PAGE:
Abusing Energy Drinks
More than 500 ‘NEW’ energy drinks launched worldwide this year, and coffee fans are probably too old to understand why. Energy drinks aren’t merely popular with young people. They taste like carbonated cough syrup.
Vying for the dollars of teenagers with promises of weight loss, increased endurance and legal highs, the new products join top-sellers Red Bull, Monster and Rockstar to make up a $3.4 billion-a-year industry that —grew by 80 percent last year.
Thirty-one percent ofU.S.teenagers say they drink energy drinks, according to Simmons Research. That represents 7.6 million teens, a jump of almost 3 million in three years.
Nutritionists warn that the drinks, laden with caffeine and sugar, can hook kids on an unhealthy jolt-and-crash cycle. The caffeine comes from multiple sources, making it hard to tell how much the drinks contain. Some have B vitamins, which when taken in megadoses can cause rapid heartbeat, and numbness and tingling in the hands and feet.
But the biggest worry is how some teens use the drinks. Some report downing several cans in a row to get a buzz, and a new study found a surprising number of poison-center calls from young people getting sick from too much caffeine.
“Wow, this drink is some serious stuff. I mean about half the bottle is the warning label, and it is serious, this drink is INSANE. It says that you should not drink it unless you are over 18, which I would say is a good warning.” —
They’ve grown up watching their parents drink Starbucks coffee, and WANT their own version. Heart palpitations aren’t likely to scare them off. Most brands target male teens and 20-somethings. Industry leader Red Bull, the first energy drink on the market, is now the “big arena band” of the bunch.” Monster is produced by Corona, Calif.-based Hansen Natural Corp.
How much caffeine do energy drinks contain? A Universityof Floridastudy found that some products, although served in cans two-thirds the size of a standard can of Coke, contain two to four times the amount of caffeine as that Coke. Energy drinks are unregulated in theUnited States, but the authors of theUniversity ofFlorida paper suggest warning labels for them.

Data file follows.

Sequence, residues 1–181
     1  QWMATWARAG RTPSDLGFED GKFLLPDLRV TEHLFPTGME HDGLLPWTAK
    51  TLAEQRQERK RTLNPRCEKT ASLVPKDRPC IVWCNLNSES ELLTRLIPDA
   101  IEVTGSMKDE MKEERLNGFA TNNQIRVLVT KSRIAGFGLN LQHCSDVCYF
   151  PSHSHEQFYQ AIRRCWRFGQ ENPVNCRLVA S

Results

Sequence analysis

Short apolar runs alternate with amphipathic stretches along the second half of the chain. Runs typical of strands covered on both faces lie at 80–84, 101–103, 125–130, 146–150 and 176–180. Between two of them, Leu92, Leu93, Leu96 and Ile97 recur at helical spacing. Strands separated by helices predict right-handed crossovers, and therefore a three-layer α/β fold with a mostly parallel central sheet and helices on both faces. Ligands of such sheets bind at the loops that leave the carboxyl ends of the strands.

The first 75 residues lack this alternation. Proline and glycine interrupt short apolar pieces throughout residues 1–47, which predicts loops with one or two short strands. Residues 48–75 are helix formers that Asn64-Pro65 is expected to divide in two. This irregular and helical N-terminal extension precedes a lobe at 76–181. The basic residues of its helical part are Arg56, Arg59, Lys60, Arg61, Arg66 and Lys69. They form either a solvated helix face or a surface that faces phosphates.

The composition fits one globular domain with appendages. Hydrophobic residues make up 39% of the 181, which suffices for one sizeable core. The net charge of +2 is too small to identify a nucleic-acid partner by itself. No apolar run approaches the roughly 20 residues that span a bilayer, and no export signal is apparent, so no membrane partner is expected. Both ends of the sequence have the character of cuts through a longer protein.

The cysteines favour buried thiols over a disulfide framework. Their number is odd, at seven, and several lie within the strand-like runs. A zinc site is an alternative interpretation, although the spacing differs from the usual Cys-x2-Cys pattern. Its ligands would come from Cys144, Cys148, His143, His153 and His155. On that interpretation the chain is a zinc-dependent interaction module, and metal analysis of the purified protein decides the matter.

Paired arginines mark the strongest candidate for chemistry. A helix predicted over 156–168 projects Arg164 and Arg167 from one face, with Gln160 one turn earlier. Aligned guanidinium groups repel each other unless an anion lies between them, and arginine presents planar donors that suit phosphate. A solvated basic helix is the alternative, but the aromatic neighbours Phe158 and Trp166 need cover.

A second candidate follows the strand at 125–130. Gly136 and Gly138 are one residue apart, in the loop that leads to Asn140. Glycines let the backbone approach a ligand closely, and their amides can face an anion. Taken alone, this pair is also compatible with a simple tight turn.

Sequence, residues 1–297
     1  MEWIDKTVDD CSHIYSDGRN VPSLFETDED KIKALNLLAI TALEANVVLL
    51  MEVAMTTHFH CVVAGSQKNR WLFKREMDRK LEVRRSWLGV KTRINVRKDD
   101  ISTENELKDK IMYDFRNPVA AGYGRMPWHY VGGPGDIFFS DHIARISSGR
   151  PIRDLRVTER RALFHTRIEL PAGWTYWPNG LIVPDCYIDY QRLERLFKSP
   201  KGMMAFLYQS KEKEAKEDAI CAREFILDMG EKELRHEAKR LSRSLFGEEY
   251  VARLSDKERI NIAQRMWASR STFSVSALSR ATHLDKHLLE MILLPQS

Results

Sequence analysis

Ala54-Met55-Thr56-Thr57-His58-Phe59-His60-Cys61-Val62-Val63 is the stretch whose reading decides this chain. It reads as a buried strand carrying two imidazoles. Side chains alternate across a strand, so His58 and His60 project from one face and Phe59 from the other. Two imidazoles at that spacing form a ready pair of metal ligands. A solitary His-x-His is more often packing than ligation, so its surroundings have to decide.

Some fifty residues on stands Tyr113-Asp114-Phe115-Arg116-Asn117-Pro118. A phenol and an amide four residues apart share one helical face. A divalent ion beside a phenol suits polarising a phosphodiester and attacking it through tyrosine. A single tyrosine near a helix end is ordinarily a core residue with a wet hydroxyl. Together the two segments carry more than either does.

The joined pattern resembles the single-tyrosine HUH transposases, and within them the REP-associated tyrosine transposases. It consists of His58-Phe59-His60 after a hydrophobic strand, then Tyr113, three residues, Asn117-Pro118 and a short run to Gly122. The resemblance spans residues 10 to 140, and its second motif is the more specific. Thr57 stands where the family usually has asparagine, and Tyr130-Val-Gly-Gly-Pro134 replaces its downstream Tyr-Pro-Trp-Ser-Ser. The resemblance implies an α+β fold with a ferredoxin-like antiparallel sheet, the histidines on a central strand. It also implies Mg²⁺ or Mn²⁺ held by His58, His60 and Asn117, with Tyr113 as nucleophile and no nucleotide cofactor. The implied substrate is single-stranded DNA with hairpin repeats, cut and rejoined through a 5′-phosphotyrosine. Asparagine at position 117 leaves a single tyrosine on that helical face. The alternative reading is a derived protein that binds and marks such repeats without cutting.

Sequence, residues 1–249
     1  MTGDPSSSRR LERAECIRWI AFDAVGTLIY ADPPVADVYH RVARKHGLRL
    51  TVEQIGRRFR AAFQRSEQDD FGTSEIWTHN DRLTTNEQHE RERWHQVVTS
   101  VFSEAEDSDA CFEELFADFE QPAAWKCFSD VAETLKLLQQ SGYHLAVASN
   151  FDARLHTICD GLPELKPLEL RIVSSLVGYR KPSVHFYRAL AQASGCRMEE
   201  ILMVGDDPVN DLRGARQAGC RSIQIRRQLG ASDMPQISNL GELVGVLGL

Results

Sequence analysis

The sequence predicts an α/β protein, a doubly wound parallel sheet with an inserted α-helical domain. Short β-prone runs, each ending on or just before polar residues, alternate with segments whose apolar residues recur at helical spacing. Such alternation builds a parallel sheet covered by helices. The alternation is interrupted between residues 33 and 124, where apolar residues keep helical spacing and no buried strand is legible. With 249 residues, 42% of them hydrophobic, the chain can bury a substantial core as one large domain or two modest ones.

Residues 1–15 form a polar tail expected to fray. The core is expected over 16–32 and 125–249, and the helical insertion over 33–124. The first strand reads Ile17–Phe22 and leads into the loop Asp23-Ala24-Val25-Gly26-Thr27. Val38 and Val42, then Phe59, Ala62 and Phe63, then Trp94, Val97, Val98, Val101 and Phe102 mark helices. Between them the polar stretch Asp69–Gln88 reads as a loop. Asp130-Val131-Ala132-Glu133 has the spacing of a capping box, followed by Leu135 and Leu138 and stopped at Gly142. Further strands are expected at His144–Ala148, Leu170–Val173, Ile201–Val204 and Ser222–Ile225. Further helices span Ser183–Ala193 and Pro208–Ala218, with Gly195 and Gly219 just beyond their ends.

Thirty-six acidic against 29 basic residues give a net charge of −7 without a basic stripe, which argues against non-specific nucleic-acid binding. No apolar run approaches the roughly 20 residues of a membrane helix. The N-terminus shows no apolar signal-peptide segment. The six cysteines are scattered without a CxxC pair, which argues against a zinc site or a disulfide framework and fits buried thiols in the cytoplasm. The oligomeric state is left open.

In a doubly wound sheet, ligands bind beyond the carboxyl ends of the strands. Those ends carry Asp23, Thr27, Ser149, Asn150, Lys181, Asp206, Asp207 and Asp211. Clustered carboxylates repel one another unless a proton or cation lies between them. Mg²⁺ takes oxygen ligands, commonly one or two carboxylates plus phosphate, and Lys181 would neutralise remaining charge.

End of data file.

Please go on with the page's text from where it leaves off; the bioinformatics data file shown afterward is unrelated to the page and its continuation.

And now energy drinks are moving toward bigger cans with the biggest, so far, is 24 ounces.
Think twice before sending your children out the door with an energy drink. Full of sugar and caffeine, energy drinks share the same health problems as soft drinks.
A Universityof Wisconsinstudy of 14 students found that two energy drink ingredients, caffeine and taurine, didn’t improve short-term memory but led to slower heart rates and higher blood pressure. Since some energy drink ingredients generally speed up heart rates, the researchers could only speculate on the cause. “Drink more than one and you get lots of sugar — 14 teaspoons in two cans, 21 teaspoons in three,” Be careful what you’re putting in your body as well as your children’s bodies. Health is something that you don’t want to take for granted. Once it’s gone, it’s gone. Make sure you’re checked regularly as well.
Network Family Wellness CenterDanny Knowles D.C. and Richelle Knowles D.C. 1715 15th StreetBoulder, CO 80302(303) 998-1000